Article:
Hiding unplugged in the merch tent are ONSIND, doing an acoustic set with no microphones as a road test for a pair of new songs from the next album. The new songs are hard to gauge in such an intimate setting – the volume is so low it’s as if it was streamed off a phone – but the bookends ‘Pokemon City Limits’ and ‘Heterosexuality is a Construct’ go down as well as ever. One of the audience is wearing a Vote Conservative T-shirt, ironically or otherwise: hard to know if he enjoyed Pokemon City Limits and its chorus/punchline “Never trust a Tory”. (Other acts playing the merch tent over the weekend include electronic dream-pop act Deerful, who plays sat on the floor with a miniature keyboard.)

Headlining the indoor stage, Joanna Gruesome have had a line-up change since their last appearance, now wielding three guitars and two vocals. Imagine if Slowdive and Bikini Kill had done a split 7” back in 1991, and imagine if due to a manufacturing error, all of the songs played at the same time: that’s roughly what Joanna Gruesome sound like. They’re still weirdly uncharismatic though; they’re energetic and aggressive during their songs, but almost catatonic between them. Yeah they’re still young, but they’ve been playing gigs for years now, and they’re headlining this stage. Their gigs will seem loads more dynamic if they can more successfully marry up these elements.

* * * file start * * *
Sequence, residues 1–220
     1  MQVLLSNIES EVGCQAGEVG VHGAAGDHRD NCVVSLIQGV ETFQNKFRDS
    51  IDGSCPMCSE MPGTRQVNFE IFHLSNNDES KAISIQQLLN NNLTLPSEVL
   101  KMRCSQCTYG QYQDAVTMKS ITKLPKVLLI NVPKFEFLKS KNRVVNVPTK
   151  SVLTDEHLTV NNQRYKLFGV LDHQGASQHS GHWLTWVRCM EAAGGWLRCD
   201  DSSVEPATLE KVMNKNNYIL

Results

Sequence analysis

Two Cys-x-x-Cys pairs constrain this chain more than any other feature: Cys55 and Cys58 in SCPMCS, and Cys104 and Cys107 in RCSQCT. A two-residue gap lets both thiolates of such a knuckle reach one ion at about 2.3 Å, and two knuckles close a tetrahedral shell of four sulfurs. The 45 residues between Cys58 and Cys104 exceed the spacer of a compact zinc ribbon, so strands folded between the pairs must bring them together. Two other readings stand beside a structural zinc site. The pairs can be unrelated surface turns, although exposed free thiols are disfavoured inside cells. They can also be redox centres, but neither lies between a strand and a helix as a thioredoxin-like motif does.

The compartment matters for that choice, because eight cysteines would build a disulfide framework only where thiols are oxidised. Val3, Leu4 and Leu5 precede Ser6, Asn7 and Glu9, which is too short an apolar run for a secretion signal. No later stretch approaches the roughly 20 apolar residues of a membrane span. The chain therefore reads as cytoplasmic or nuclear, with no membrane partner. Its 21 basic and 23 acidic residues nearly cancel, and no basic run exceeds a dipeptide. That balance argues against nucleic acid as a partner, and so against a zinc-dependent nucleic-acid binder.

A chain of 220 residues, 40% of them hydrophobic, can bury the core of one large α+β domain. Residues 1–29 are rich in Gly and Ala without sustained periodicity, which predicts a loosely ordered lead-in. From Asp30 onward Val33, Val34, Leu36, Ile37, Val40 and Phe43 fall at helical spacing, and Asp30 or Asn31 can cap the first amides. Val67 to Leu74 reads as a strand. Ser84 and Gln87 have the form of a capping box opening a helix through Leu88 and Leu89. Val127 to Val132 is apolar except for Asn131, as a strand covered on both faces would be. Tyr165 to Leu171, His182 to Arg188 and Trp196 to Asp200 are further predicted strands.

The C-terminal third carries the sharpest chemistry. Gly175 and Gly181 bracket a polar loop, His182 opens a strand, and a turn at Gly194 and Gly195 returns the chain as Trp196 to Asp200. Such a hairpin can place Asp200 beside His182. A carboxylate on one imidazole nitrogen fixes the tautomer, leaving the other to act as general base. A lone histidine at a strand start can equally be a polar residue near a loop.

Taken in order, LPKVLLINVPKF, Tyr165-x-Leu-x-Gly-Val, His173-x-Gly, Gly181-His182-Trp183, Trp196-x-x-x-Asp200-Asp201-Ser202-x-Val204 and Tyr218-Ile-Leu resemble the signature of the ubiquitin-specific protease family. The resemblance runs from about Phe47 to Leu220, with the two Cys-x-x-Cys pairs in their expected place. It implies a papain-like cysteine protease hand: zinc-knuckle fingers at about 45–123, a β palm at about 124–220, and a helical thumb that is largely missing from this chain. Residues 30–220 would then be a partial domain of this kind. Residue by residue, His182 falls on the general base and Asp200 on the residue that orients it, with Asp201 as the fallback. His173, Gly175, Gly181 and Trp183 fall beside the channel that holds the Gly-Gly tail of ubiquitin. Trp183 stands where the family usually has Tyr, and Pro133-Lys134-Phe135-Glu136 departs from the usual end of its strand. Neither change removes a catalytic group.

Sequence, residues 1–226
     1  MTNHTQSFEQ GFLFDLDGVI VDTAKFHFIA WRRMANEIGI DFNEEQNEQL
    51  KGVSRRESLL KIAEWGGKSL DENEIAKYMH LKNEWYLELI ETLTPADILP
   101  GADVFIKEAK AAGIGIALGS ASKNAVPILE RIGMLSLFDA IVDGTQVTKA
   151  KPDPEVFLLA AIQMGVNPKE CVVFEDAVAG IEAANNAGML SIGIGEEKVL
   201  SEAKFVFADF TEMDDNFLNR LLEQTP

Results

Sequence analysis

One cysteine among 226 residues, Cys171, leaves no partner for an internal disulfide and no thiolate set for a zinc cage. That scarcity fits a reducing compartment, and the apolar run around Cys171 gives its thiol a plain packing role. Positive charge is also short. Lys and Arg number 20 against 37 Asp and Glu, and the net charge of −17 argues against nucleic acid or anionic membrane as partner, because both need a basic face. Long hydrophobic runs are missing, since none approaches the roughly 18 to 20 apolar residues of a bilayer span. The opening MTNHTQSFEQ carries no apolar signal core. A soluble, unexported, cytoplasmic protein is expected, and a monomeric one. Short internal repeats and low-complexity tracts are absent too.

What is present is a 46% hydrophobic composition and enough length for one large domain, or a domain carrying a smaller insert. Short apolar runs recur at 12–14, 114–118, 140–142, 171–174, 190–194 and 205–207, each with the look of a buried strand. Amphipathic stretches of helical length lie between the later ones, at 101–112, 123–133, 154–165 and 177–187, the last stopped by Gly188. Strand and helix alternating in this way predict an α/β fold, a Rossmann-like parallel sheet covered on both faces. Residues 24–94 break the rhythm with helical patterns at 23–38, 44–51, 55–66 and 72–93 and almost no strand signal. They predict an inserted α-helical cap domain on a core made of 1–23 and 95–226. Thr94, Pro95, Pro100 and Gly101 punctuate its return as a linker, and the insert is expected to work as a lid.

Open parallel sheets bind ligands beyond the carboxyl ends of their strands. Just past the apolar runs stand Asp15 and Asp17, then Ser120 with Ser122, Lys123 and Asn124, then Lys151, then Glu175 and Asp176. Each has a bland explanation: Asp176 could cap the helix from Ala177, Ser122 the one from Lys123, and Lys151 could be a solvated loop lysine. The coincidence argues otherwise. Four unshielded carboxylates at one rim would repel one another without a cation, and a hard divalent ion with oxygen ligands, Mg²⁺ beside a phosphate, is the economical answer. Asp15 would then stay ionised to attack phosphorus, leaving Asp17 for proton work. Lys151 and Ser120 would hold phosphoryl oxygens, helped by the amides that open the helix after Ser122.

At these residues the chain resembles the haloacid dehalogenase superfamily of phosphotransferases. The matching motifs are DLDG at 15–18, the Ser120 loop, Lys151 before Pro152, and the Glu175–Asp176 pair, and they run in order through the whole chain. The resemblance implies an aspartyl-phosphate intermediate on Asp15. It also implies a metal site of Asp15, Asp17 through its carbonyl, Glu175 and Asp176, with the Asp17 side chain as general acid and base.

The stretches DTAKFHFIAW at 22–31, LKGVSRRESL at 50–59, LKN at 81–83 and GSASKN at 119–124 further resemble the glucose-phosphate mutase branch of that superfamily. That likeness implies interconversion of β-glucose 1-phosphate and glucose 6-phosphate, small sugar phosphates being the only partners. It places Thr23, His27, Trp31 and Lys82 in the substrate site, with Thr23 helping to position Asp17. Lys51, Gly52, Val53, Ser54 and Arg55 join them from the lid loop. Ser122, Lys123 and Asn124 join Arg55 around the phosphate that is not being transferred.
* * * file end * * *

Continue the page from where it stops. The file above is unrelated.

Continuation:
It’ll probably have been beaten by Justin Bieber or some shit now, but at one point, the “semi-legendary” The Wedding Present held the record for most Top 30 singles in one year, thanks to some skulduggery where they released one single every month and charted every time. One of those went Top 10, and they were still having Top 40 hits as late as 2005. Yet they’re not really regarded as a big name from the era in the same way as some of their contemporaries: nobody lists them as an influence, they have no indie disco classics, and none of their albums are ever on Greatest of All Time lists. They feel like a legacy headliner, maybe better suited to a Sunday closing slot, in a way that maybe The Smiths or Pixies wouldn’t. Indietracks, however, has always kept faith in Gedge, maybe trying to single-handedly elevate the band’s reputation; this being his second Saturday headline slot in three years.